A recent study shows that Americans spent $134 billion on treatments for neck and lower back pain in the decade between 1996 and 2016*. That’s more than Americans spend on treatments for diabetes or heart disease. Why do we suffer from so much neck and lower back pain? Robert Miller, MD, neurosurgeon with New England Neurological Associates says it’s several things: we’re living longer and sitting more. In fact, Dr. Miller says that most of us sit so long at our desks staring at screens that it constitutes a repetitive task injury.
The Risks of Repetitive Sitting
Our bodies are designed to be active, not live 70 or 80 years in a sedentary position. We are engineered to walk, run, bend, reach, and be constantly on the move. Going against that biological design can take its toll, as anyone with neck or back pain can tell you. Poor posture at the computer or while playing video games at home for hours at a time is the main culprit causing neck and lower back pain. As you sit at your desk reading this on your monitor, smart phone, tablet or other mobile device) , check how you are sitting. If your neck is protruding forward with your head pushed back, your back is rounded, and/or your legs are crossed, you are impeding the muscles and joints in your neck and back. The more we sit poorly, the more we injure those parts of our bodies causing the repetitive injury.
What do we do about it?
Fortunately, there are easy solutions to prevent neck and back pain.
1. When sitting at your computer or video game console, take a break everyone 30 minutes. Stand up, stretch, and walk. Give your body a chance to uncurl. This will help realign your neck and spine and help to prevent pain. Stand up straight as if a metal pole ran from the top of your head to your feet.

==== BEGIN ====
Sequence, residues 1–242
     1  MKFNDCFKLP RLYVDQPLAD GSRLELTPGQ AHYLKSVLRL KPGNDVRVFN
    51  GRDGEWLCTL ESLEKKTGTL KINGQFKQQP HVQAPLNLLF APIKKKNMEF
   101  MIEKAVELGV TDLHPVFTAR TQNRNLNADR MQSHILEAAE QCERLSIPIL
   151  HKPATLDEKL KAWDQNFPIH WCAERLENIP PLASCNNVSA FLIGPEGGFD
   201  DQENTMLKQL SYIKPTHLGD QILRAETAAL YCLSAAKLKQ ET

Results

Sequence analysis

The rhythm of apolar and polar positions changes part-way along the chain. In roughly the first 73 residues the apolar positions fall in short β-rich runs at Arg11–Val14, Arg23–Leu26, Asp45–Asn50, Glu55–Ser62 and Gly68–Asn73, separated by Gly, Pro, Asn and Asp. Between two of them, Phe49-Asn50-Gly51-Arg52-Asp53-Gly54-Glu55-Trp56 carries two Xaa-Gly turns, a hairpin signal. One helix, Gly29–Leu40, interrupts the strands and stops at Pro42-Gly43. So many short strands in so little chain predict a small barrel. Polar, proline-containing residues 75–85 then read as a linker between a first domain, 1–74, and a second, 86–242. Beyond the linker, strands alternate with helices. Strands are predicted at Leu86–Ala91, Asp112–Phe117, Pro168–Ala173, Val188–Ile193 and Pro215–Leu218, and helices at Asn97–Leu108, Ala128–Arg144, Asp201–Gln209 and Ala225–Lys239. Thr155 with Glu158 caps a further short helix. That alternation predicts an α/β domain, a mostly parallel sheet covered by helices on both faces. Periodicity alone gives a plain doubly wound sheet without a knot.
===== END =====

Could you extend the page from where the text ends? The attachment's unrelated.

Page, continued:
2. Simple exercises can help alleviate the muscle and joint pain in the neck and low back. These can be learned online with simple tutorials through smartphone apps focused on physical therapy and fitness.
3. Over the counter (OTC) non-steroidal anti-inflammation medications can help to address neck and back pain.
4. Prescribed and directed Physical therapy at home can be effective as well.
5. Nutrition: Diet plays a big role in the inflammation signals that the body sends out. Eating an anti-inflammatory diet can help to reduce pain from many different types of inflammation. Try to incorporate these guidelines into your weekly diet, but always check first with your provider:
a. Eat leafy greens like kale, and spinach, also high in vitamin K
b. Eat fatty fish like salmon and tuna
c. Drink coffee
d. Eliminate refined sugar and fried foods
When to seek treatment
If the home remedies above aren’t helping to reduce the pain, and it’s not being addressed with regular, proper stretching or OTC medications, you should seek medical treatment to make sure the pain isn’t the result of a serious condition or injury. Whenever pain persists, it’s time to see a doctor.
Written by Dr. Robert Miller
US Health Care Spending by Payer and Health Condition, 1996-2016 | Health Care Economics, Insurance, Payment | JAMA | JAMA Network